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District attorney clears Newport Beach homeowner of wrongdoing in fatal August shooting

A fatal shooting occurred near Indus Street and Redlands Drive in Newport Beach.
A fatal shooting occurred near Indus Street and Redlands Drive in Newport Beach on Aug. 26.
(Daily Pilot)

Orange County Dist. Atty. Todd Spitzer announced Monday that the Newport Beach homeowner involved in a fatal shooting in August has been cleared of any criminal wrongdoing.

The incident occurred in the early hours of Aug. 26. At around 4:10 a.m., the shooting victim — who has since been identified as 23-year-old Henry Lehr of Tuscon, Ariz. — departed a residential detox center, after having told staff he was hearing and seeing “demons,” according to the district attorney’s office.

Shortly thereafter, Lehr reportedly entered the backyard of a home a few doors away, in the area of Indus Street and Redlands Drive, before approaching the front door of another home.

At the second house he banged on the door and rang the doorbell, demanding to be let inside. He then broke down the door and walked up the staircase.

The homeowner, who had been sleeping upstairs, was awakened by the noise Lehr was making.

The homeowner gathered up his pistol and yelled at Lehr to identify himself and stop climbing up the stairs. When Lehr did not answer and continued advancing up the staircase, the homeowner fired one shot and hit Lehr in the upper chest. The homeowner’s wife called for police and medical aid. Newport Beach police reportedly found Lehr dead at the scene.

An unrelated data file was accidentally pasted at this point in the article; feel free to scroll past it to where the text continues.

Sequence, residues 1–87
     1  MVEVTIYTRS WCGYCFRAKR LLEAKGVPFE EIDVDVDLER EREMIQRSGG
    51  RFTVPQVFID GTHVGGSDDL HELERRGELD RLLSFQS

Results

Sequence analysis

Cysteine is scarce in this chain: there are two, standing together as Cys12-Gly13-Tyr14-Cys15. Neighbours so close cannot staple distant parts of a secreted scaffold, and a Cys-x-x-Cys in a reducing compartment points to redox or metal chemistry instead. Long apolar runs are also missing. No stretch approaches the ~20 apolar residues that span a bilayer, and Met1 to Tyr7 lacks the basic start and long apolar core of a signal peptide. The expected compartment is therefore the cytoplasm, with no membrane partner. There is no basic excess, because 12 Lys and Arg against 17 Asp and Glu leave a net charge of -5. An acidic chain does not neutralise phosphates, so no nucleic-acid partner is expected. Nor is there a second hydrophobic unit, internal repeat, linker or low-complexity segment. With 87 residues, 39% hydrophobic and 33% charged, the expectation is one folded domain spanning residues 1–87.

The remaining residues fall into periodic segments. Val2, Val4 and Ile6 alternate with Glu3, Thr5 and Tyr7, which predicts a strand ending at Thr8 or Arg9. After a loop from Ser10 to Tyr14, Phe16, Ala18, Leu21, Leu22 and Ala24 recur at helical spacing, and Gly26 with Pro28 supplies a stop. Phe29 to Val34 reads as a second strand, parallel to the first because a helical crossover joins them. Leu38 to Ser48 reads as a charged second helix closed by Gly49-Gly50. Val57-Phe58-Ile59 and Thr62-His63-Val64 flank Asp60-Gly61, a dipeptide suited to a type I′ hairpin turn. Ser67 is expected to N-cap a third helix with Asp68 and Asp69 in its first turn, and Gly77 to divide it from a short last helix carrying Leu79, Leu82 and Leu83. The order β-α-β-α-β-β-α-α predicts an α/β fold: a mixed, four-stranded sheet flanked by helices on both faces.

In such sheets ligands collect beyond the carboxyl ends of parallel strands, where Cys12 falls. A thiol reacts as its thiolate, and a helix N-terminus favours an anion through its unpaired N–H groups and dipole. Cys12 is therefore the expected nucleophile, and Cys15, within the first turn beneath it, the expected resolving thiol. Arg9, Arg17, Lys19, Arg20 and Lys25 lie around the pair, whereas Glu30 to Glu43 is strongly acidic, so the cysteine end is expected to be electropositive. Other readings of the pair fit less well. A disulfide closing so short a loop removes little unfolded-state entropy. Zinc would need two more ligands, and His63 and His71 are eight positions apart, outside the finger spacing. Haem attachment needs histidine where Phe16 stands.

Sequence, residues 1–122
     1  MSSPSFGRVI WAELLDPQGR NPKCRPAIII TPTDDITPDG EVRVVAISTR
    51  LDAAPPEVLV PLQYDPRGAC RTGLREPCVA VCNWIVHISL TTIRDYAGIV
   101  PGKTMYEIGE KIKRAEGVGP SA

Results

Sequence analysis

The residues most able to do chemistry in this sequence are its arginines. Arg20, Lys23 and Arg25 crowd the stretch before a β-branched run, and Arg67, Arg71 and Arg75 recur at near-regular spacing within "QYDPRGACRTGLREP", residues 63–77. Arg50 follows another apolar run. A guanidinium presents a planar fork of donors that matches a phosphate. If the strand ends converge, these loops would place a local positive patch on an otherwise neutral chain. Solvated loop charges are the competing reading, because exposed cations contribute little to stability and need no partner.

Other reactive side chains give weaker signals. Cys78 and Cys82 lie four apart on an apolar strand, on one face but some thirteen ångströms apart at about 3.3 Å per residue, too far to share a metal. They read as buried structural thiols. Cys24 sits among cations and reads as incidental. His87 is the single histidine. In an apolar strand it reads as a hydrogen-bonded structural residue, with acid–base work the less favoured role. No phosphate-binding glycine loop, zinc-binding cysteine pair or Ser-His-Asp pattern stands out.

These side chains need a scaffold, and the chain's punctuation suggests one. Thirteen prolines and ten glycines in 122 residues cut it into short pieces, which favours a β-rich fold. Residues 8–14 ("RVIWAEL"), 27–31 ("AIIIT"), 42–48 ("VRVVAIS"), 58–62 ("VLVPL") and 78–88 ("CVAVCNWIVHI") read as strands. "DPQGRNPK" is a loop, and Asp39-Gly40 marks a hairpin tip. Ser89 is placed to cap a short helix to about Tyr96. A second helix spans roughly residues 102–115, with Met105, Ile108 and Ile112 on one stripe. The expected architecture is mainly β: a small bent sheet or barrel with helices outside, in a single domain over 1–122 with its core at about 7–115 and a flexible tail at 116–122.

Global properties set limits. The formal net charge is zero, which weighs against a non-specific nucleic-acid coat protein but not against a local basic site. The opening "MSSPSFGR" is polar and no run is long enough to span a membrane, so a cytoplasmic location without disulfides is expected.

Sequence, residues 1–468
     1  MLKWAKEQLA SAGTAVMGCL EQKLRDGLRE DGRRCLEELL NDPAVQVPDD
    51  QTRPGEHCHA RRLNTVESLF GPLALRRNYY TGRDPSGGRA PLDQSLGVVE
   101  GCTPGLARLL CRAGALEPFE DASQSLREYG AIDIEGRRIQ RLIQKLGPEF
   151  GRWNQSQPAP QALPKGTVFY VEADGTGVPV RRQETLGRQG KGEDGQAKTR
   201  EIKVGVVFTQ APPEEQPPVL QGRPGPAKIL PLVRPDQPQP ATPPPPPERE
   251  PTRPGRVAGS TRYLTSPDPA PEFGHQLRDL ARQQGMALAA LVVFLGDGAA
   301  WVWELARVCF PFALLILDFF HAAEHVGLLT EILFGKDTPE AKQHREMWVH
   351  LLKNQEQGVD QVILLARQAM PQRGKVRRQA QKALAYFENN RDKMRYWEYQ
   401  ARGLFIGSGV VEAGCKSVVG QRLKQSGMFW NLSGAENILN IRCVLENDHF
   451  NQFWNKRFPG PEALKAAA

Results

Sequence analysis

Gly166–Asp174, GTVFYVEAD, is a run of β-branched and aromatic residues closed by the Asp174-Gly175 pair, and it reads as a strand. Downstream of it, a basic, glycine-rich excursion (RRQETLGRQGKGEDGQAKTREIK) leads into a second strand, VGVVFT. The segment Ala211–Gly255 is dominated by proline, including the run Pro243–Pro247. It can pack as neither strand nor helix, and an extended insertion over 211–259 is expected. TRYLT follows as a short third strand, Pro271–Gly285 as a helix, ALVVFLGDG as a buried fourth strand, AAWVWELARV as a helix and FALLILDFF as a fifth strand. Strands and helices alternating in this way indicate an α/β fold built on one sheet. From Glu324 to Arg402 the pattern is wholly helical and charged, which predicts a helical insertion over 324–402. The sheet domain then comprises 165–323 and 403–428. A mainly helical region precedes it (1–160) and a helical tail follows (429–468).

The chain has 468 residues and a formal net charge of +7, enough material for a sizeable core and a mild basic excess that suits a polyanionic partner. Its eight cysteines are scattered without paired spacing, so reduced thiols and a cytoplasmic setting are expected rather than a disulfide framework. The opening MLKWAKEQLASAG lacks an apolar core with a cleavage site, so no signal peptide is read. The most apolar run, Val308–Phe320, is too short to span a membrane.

The homeowner later told officers that he fired in self defense, out of fear for his life, as well as his wife’s life.

“A homeowner has the absolute right to protect themselves from someone who breaks into their home in the middle of the night and threatens their safety,” said Spitzer in a statement.

“The loss of life is tragic in any situation and this situation is made even more tragic by the fact that an individual who went to a group home to get help with his addiction issues ended up on a deadly collision course with a homeowner who was just sleeping in his own bed in his own house,” said Spitzer. “I have fought against allowing group homes in residential neighborhoods my entire career, including as a member of the state Legislature, for this very reason.”

“People at that group home knew that young man was struggling — yet no one went to check on him. People struggling with addiction issues need to have a safe environment where they can work toward sobriety and people living in residential neighborhoods should not have to live in fear of waking up to someone struggling with addiction breaking down their front door,” Spitzer said.

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